The Commissioner seemingly was making up rules on the fly and prioritized making the matter go away over upholding the NFL’s policies, which clearly dictate penalties for code of conduct violations. However when looking at the accountability and reporting structure of the Commissioner, we should expect that he is incentivized to make the matter go away. It hurts the brand of the NFL to have a messy matter
Example 2: Safety
There has been a heated debate over NFL player’s safety, and the extent to which the NFL has properly protected and disclosed the risks of playing football to NFL players. One must wade into this debate carefully, given the heated viewpoints. If we look at the fact pattern, we can at least conclude that over the past 20+ years the NFL has had several large mis-steps in protecting NFL players, highlighted by settlements with players and flaws in research.
- The NFL in 2013 agreed to a $765 million settlement with retired players who were accusing the NFL of covering up the risks of concussions
- A NYT investigation in March of 2016 highlighted extensive flaws in concussion research conducted by the NFL last decade. From 1996–2001, over 100 concussions were omitted from official data that was used in important concussion research. The NFL league’s commissioner at the time, Paul Tagliabue, acknowledged the need for “independent scientific research” to better understand the risks of concussions
Regardless of one’s views on the issue. We can ask questions that drive how the governance was working or not working, on why was there such a bias in the research performed on concussions? Through the research and reporting performed on this topic, we know now that data and research performed was misrepresented. There was not an interdependent view being put forward on the impact of concussions in players. Should we expect more of the Commissioner? No, not with the current governance framework. The Commissioner is incentive to protect the brand of the NFL to maximize revenue and dollars from Corporate Sponsors flowing to the NFL’s owners. The Commissioner is only indirectly accountable to its players. With the current system of checks and balances, we shouldn’t expect more.
Example 3: Deflate Gate Further drawing the NFL’s governance process into center stage, was the issue of whether Tom Brady intentionally deflated footballs to improve his performance. Roger Goodell, controlling the entire end to end process, found and then confirmed his own finding when he served as the arbitrator that “that Tom Brady “engaged in conduct detrimental to the integrity of, and public confidence in, the game of professional football.” Goodell concluded with a four game penalty without pay. Fast forward and Brady appeals the decision based upon a generalized argument that Goodell was making up rules on the fly, the case is brought to Federal Judge Berman. The NFL’s main argument that via the CBA (a private agreement), the players have bargained away their rights, that the only opinion that matters is the Commissioner. Berman ruled “that Goodell was “fundamentally unfair’’ to Brady when he refused to turn over the notes from the investigators from the Paul, Weiss law firm who produced the Wells Report. He also ruled that Goodell was wrong for refusing to let the NFLPA question NFL general counsel, Jeff Pash, whom the judge said played a key role in the Wells Report investigation” Ultimately, the NFL appeals Berman’s decision and wins on a 2-1 decision. Regardless, the episode again highlights the unilateral nature of the decision making process and the lack of checks and balances,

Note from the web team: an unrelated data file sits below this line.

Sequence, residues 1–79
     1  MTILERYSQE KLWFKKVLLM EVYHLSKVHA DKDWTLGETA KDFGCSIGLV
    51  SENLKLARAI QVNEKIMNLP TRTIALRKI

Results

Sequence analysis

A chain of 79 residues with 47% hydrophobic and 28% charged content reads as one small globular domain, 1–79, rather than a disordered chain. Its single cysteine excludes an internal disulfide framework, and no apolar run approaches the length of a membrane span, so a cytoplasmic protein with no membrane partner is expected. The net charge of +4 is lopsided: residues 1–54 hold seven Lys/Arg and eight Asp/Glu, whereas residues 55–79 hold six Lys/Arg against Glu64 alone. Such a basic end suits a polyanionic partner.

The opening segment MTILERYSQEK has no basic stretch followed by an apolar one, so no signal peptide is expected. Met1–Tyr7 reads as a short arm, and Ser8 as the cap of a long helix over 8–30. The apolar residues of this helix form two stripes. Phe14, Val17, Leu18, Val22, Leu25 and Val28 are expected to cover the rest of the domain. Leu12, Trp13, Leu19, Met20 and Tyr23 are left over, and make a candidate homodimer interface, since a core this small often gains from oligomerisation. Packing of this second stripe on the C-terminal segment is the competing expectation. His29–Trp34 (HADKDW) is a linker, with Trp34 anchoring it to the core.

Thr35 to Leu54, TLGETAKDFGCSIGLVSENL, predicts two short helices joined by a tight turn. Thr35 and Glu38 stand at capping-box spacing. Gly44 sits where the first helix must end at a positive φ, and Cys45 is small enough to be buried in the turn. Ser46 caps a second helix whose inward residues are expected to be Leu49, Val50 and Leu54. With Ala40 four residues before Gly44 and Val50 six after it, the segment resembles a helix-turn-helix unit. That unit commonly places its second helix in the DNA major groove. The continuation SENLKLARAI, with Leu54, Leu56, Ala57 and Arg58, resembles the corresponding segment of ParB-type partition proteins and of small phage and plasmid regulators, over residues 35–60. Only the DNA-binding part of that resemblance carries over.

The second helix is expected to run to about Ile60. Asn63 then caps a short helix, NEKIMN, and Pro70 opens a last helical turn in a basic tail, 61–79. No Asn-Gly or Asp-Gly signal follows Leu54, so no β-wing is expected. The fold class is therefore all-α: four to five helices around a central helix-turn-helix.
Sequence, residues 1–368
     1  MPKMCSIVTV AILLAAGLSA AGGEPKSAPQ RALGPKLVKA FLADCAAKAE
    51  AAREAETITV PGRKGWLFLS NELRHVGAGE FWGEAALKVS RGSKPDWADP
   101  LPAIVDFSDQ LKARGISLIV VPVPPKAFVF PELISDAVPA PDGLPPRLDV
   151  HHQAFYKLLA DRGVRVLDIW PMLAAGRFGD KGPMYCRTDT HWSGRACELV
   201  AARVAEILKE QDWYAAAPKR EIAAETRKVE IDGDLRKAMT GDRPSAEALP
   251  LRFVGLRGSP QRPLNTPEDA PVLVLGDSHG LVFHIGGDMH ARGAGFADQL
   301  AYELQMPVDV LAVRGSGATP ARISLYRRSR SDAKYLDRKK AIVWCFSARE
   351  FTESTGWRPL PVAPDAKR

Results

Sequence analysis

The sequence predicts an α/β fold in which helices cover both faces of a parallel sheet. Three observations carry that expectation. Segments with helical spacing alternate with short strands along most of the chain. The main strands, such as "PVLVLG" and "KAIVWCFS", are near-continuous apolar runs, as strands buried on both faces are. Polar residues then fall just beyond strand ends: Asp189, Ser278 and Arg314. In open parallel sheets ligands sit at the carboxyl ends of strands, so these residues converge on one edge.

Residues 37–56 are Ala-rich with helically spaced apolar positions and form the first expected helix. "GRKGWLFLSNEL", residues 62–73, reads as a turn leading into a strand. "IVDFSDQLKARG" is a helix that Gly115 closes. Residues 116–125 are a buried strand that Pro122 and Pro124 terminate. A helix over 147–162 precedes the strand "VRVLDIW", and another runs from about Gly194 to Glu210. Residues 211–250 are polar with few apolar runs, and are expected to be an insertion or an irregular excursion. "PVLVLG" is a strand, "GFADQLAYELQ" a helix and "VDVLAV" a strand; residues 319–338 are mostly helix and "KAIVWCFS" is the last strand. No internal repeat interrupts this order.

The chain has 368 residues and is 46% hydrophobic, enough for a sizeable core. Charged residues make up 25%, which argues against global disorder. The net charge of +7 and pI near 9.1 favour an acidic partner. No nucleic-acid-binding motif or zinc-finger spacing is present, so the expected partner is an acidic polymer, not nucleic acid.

Section 3: Suggestions for future improvements
As we analyze the various stakeholders and how they interests are represented in the NFL’s governance process, we clearly see the dominant influence of Corporate Sponsors and their pressure on the owners / and the NFL directly. There is clear bias from the owners to protect the brand thus indirectly protecting their TV rights deals, and other sponsorship deals. With no election for the Commissioner, public pressure and a large enough outcry is the only mitigation to remove the Commissioner. Evidence highlights through Deflategate, Ray Rice and the Concussion issues that it takes a fair amount of damage to remove a Commissioner (as even with declining ratings, Goodell remains). In summary my view, some of the core aspects of Corporate Governance are missing from the current processes
- Provide a mechanism for players and fan’s to weigh in on the performance of the Commissioner. Even if it does not correlate to directly influencing whether the Commissioner remains, the public data would provide transparency on stakeholders interests and viewpoints
- Consider establishing an independent board that is not biased / or directly conflicted (as is the Executive Committee, which represents the 32 owners). This Board would provide the NFL with a body that can provide effective oversight and management challenge.
- Separate management duties from disciplinary duties at the management level to prevent a situation like Deflate gate where the Commissioner ruled on the action, and then was the arbiter of the action. Revisit general best practices on Enterprise Risk Management and COSO and implement areas of independent control / monitoring at the management level to better ensure decisions are in line with policies and procedures. There is no clearly no separation of duties, no controls to ensure that the policies and procedures set forth by the NFL are followed without biased. This recommendation will result in the increase in resources that are dedicated to Compliance, Risk Management and Audit,
The NFL a bedrock institution of America, is not a shining example of Corporate Governance. It does however provide a lens into some of the challenges institutions face in creating an effective governance system that protects the various stakeholders (Fans and Players included). It will likely only take a major crisis for Congress or other governmental stakeholders to act on rectifying some of these flaws.